- Fusiform: An aneurysm that has no distinct “neck” and bulges in every direction
- Giant: An aneurysm that is larger than 2.5 centimeters in diameter
- Saccular: Also known as a “berry” aneurysm, this aneurysm type has a distinct neck and typically bulges to one side of an artery
A leaking aneurysm is one that may have enough of a weak area to allow a small amount of blood through. This leak can lead to a sudden, severe headache that indicates the extra pressure on the brain.
A leaking aneurysm is dangerous because it is often a precursor to a burst aneurysm.
A burst aneurysm occurs when the weakened area of an aneurysm ruptures, leaking a significant amount of blood.
The symptoms associated with a burst aneurysm are severe, and the side effects can be deadly. They include:
- Nausea and vomiting
- Neck stiffness
- Passing out
- Sudden, severe headache
- Visual changes, such as blurred or double vision
A burst aneurysm is a type of subarachnoid hemorrhage. This is because the bleeding occurs between the brain and the membrane that covers the brain. A subarachnoid hemorrhage is a cause of a hemorrhagic stroke.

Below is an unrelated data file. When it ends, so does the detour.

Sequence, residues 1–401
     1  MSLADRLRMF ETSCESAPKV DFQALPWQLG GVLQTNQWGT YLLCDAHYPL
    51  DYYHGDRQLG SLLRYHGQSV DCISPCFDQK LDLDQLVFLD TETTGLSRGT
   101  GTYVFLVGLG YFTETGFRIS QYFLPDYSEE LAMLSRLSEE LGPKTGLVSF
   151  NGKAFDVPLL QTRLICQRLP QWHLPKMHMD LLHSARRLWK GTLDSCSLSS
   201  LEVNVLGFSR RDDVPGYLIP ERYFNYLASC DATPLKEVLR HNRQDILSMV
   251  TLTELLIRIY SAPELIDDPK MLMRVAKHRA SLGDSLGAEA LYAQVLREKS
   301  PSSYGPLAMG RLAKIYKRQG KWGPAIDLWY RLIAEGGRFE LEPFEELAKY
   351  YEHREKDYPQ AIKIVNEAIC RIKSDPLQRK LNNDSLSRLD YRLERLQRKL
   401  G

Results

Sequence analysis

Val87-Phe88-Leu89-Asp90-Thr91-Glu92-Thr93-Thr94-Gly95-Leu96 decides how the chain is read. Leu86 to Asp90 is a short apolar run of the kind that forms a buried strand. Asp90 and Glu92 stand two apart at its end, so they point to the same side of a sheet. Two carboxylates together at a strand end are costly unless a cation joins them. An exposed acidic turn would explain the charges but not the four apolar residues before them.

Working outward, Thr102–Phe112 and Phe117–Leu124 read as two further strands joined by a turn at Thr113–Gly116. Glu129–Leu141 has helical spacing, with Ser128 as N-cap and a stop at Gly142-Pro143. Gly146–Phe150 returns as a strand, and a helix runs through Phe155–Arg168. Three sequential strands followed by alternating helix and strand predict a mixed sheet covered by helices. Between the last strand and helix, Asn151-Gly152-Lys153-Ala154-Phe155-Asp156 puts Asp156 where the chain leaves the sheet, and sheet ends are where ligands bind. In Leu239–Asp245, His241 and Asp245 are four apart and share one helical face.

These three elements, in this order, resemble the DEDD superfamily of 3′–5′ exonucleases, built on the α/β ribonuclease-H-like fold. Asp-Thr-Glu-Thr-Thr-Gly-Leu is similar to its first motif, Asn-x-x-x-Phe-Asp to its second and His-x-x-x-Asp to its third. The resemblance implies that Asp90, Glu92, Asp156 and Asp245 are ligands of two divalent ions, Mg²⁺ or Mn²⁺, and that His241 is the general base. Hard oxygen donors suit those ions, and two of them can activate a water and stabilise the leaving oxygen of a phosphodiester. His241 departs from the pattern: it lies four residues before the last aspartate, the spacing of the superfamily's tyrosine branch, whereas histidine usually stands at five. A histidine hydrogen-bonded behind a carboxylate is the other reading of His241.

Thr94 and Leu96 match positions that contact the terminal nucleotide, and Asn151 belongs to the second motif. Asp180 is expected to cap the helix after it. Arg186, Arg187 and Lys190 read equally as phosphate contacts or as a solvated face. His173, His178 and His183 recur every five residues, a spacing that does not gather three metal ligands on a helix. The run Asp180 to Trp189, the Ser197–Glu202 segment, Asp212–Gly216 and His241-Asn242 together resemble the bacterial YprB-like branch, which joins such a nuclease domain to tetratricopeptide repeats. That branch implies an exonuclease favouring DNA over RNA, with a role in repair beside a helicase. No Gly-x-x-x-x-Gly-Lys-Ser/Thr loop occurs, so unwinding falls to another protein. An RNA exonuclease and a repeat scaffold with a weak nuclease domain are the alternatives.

According to Johns Hopkins Medicine, an estimated 3 percent of all strokes are subarachnoid hemorrhage strokes.
If a person has a burst aneurysm and seeks emergency medical attention, medications are often given to prevent symptoms and damage from getting worse.
Examples of immediate medical treatments include:
- Anti-seizure medications to prevent seizures that can occur
- Pain medications to relieve the very intense headache a ruptured aneurysm can cause
- Vasodilators, which are medicines that cause blood vessels to expand
Vasodilators keep the affected vessel from tightening too much and stopping important blood flow. These medications also keep a person’s blood pressure from getting too high, which could lead to increased pressure in the skull and bleeding.
Doctors will take into account many factors when determining a potential surgical approach to aneurysm treatment.
Doctors don’t always treat an aneurysm that hasn’t burst, but usually will when it is causing symptoms. Burst aneurysms require fast treatment. Examples of considerations are the patient’s symptoms, health history, and the aneurysm’s size and location.
Several treatment approaches exist for brain aneurysms.
This involves accessing the area in the brain where the aneurysm occurred, placing a metal clip at the “neck” of the aneurysm. This keeps blood from flowing into and out of the aneurysm.
The surgical clipping approach involves removing a piece of the skull to access this portion of the brain.